The Demo team has jumped into many situations over the years and this was just another day’s work really.

Doug flies a large canopy designed for accuracy rather than speed. It is more manoeuvrable, controllable and much more forgiving on landing.

Dave and Sarge land and wait for Doug and the flag to touch down. Egon, the ground crew rushes to the target to assist Doug on landing.

Doug drifts down. Ahhh, the concentration!

And down . . .

Not yet . . .

And down

The little bit of yellow in the left bottom corner is the edge of the target (not bad accuracy,considering the conditions). The lead shot bag is about to hit the sand and Doug will hit the ground almost simultaneously- note the distance to the ground – it’s all maths for Doug from here really. The bag and harness on the front of Doug is the “flag bag”. He deploys the flag after his parachute is open:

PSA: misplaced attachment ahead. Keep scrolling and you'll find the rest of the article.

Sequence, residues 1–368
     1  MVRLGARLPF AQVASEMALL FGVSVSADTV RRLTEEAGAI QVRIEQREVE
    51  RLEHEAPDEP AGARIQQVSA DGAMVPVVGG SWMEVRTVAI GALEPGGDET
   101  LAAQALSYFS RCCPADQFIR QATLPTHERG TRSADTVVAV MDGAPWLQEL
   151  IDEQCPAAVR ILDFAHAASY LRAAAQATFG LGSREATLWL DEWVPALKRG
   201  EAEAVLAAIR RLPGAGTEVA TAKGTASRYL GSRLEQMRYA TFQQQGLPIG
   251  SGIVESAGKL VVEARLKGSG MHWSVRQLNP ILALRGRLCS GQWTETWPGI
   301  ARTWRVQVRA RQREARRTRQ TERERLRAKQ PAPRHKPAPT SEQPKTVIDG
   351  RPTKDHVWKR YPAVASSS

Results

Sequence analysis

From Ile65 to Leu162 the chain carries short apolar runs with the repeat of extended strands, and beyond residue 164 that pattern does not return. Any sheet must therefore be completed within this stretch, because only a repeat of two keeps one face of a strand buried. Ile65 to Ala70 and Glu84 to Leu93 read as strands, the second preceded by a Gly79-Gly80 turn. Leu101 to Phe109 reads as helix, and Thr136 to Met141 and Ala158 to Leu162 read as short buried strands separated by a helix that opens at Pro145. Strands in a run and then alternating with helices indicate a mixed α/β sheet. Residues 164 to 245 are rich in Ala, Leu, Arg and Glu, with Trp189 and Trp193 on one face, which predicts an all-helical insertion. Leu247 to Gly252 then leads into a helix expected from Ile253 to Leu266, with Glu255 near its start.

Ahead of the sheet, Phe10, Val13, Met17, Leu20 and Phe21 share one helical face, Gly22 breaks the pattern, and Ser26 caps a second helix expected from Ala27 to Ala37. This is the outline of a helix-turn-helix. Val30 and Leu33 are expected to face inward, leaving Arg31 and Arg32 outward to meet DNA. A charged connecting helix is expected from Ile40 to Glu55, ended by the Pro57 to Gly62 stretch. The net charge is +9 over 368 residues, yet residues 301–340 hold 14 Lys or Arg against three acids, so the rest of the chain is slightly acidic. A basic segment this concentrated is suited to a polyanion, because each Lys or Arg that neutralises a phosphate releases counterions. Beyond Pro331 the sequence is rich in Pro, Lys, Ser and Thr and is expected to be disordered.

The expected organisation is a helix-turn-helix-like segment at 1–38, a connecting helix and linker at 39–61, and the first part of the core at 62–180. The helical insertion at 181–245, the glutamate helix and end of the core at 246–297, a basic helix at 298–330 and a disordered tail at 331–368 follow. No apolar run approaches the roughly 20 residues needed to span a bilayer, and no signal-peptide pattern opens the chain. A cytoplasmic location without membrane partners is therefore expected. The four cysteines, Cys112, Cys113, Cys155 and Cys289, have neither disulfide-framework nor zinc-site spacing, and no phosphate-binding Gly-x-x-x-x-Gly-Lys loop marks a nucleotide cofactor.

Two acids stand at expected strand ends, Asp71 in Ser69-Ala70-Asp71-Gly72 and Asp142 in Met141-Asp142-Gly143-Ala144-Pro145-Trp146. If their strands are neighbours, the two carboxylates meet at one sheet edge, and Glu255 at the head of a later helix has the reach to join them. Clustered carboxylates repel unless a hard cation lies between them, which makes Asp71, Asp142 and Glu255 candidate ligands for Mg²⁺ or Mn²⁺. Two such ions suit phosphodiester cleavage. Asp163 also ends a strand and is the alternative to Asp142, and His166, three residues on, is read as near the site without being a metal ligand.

Doug was dragged base over apex while the other two tried to fight their way out from under the billowing flag.

Both Egon and Sarge missed Doug completely as they were enveloped under the flag . . . ha ha!

Sarge is also running to help Doug hand when he lands. It is called “catching” and is also done when tandem jumps are landing in stronger winds. The aim is to grab a steering toggle and pull it out to full length, so as to collapse the canopy and prevent it re-inflating in the strong wind and dragging the pilot, but guess what . . .

Egon fights his way out of the flag and comes to the rescue as Doug digs his knees in to fight being dragged. Meanwhile Sarge is still lost under the flag and Dave is looking and laughing at the circus.